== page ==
Wim Wender's Pina


18 Monday 18th April 2011

Pina’s sudden death in 2009 happened during joint preparations with Wim Wenders for shooting which resulting in Wim re-thinking his original plan of making a film with and about Pina Bausch. Eventually after a period of mourning and reflection he decided to make a film for Pina Bauch, PINA.

In PINA, Wim Wenders mission is to take the audience on a sensory journey into the dance theatre world of Pina Baush’s company, Tanztheatre Wuppertal. Like her work, words throughout this film are minimal and rather we are presented with long beautifully filmed sections of her shows Café Muller, Le Sacre du printemps, Vollmond and Kontakhof interspersed with interviews and dancing memoirs by members of Tanztheatre Wuppertal.

I am an avid Pina Bausch fan and having seen her work live on many occasions, (including one of her last performances in Café Muller) I have been blown away each time by her original, moving, heartbreaking and extremely beautiful choreography. Watching PINA in a cold and dark emotionless cinema I quickly realised how important it is to see her work live. Pina choreographed for the stage not for the screen. Although it is brilliant to have a clear documentation of her work, which is filmed skilfully in Wenders classically slow, real time style, I found it depressing that for many people this would be the first time they would experience Pina Bausch’s work. No offence to Wim, but the energy, composition and the pure life changing emotion through movement just simply doesn’t transfer in PINA and the 3D element added nothing for me but a headache.

The individual danced memories of Pina from the company I found even more distressing. I think Wim’s intention here was to give the audience an insight into Pina Bausch’s precise, critical and loving personality, without using words. A great idea in principal but unfortunately these solos which were performed in and around Wuppertal where the company lived and worked, mainly came across as badly composed, predictable and repetitive. Although poetic and dreamlike at times, I found these overall embarrassingly cringe worthy. I put this down mainly to the setting. By placing her dancers in site-specific locations it dawned on me how important space and theatrical framing is in relation to her work. She brought nature into the theatre, she bought life, death, institution, the whole world in, but never to my knowledge did she take dance out of the ‘conventional’ theatre space and into the real world. In a very Brechtian way Pina was constantly reminding us of where we are, not trying to take us into another world but reminding us of our present one, of the theatre, and the performers would always have a very real, immediate interactive nature with the audience. Although Wim has tried unfortunately theatrical interaction is impossible to re-create on screen, even with 3D invention.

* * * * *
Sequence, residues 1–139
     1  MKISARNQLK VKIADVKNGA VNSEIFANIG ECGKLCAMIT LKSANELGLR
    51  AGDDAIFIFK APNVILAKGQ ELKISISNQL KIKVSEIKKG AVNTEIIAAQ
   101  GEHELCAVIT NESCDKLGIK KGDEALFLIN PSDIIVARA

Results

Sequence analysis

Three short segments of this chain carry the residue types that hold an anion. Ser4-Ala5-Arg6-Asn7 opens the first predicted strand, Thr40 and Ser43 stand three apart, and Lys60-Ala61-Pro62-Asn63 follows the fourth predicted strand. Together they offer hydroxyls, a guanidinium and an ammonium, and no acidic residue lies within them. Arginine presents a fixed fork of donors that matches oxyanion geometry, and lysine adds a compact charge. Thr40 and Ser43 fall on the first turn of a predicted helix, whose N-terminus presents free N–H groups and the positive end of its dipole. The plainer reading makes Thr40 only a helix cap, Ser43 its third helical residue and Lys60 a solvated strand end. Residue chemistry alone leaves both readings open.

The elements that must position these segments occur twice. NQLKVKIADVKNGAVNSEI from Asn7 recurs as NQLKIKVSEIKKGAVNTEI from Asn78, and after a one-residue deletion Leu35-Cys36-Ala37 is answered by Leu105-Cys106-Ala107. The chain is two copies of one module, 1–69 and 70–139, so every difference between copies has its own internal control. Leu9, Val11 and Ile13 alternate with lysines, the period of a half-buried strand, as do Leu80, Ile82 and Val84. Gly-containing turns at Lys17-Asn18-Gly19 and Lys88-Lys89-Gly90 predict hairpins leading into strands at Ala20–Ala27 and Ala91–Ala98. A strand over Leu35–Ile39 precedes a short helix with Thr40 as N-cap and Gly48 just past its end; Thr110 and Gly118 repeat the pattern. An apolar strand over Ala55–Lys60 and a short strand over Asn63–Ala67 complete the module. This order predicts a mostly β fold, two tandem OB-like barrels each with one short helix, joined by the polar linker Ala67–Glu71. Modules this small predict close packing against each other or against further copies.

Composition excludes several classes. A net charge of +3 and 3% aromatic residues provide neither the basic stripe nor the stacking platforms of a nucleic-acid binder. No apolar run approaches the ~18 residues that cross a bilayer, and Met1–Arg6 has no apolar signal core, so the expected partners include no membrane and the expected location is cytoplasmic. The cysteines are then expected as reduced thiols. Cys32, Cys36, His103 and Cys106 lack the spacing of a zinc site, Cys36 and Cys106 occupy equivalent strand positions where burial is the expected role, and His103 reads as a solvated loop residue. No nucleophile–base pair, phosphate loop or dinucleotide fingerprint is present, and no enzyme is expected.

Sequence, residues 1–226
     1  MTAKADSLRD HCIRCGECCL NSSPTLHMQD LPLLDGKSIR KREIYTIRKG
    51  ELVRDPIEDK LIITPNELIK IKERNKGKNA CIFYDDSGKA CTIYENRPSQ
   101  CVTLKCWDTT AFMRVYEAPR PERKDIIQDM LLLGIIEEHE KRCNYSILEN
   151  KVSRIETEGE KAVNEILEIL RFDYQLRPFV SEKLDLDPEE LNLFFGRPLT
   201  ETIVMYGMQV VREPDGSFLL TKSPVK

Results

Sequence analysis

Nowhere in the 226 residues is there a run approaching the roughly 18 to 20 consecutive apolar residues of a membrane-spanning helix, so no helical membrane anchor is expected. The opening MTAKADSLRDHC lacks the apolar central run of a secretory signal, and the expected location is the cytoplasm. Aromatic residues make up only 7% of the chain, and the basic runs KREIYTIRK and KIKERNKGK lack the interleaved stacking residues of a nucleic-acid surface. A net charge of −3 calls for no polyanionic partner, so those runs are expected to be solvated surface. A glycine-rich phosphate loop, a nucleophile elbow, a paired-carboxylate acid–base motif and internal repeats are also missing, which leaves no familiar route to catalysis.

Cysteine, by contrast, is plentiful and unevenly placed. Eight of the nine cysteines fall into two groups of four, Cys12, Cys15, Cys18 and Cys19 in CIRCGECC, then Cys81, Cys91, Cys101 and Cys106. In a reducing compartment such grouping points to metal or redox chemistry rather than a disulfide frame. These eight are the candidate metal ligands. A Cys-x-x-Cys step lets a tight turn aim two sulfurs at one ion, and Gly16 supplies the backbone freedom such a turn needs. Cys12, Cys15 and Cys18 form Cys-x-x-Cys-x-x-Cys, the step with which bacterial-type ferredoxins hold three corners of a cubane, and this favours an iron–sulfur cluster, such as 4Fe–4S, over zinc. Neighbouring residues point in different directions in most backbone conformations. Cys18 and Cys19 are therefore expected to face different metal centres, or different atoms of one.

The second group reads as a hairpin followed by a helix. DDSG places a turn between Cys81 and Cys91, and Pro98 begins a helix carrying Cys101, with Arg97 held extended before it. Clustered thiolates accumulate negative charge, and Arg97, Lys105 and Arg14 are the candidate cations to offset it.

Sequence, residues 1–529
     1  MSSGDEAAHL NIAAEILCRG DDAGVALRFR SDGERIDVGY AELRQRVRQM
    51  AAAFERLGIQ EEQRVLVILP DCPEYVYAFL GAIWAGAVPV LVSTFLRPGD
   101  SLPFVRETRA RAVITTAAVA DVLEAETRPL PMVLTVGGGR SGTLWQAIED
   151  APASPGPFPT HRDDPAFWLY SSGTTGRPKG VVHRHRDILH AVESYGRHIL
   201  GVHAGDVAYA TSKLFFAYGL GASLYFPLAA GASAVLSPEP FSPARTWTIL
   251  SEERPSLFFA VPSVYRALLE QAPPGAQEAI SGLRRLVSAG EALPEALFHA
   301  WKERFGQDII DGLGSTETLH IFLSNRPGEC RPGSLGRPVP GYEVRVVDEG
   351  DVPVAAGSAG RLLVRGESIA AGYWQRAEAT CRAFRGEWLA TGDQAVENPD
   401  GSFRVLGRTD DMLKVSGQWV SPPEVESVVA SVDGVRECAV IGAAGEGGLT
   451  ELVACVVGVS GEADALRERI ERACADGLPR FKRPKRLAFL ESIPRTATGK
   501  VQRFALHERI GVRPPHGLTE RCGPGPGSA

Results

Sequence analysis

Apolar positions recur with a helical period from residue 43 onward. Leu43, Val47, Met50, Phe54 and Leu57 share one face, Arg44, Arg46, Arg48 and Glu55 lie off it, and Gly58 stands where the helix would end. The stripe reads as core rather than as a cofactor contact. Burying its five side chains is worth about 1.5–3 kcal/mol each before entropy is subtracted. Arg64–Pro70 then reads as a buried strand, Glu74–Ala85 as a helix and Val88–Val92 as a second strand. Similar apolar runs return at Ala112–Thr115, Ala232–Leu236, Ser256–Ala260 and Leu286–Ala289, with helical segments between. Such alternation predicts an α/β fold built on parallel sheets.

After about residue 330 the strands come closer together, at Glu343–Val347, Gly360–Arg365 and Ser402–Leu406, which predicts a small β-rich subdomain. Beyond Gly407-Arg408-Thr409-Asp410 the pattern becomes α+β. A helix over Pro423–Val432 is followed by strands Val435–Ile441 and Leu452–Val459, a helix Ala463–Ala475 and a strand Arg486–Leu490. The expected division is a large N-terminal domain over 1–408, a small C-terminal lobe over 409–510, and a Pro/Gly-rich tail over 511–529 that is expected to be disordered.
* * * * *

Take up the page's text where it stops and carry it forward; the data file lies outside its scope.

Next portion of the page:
I don’t want to totally slate this film as I think it is definitely worth a watch. There are dynamic and moving moments and Wim Wenders’ sense of time, space and emotion captures Pina Bauch’s secretive and closed character in an intriguing and loving way. What really becomes apparent is the immense sadness surrounding the death of this genius whose unique style and originality will clearly be well missed by many.

I advise going with the knowledge that if you saw Pina Bauch’s performances live they would be 1000 times better and more effecting.

PINA is released this week on 22 April

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